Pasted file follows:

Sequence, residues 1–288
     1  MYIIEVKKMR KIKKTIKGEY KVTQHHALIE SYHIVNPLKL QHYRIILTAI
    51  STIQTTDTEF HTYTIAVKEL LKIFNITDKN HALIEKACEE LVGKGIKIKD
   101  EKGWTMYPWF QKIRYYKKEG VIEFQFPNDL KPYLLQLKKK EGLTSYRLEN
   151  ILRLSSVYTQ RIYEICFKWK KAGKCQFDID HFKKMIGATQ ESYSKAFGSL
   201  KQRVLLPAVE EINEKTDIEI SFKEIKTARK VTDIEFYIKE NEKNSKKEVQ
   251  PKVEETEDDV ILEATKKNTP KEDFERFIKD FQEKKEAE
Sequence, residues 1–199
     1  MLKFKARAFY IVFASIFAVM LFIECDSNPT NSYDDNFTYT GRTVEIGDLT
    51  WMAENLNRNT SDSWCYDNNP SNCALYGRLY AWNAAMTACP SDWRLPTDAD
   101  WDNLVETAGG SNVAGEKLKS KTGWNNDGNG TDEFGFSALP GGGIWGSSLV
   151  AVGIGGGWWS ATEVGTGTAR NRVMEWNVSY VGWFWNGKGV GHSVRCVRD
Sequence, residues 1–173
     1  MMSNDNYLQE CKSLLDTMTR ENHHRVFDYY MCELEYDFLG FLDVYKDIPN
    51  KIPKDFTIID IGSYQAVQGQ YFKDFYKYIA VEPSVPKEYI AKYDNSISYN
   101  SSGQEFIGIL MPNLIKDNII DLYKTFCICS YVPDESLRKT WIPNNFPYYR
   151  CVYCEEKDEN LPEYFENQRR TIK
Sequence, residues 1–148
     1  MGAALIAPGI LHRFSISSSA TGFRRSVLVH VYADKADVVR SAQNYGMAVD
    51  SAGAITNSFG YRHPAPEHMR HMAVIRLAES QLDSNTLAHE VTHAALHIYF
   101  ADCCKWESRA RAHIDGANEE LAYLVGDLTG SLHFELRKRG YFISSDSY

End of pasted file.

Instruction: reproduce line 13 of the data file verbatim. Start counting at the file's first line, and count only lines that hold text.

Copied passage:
Sequence, residues 1–173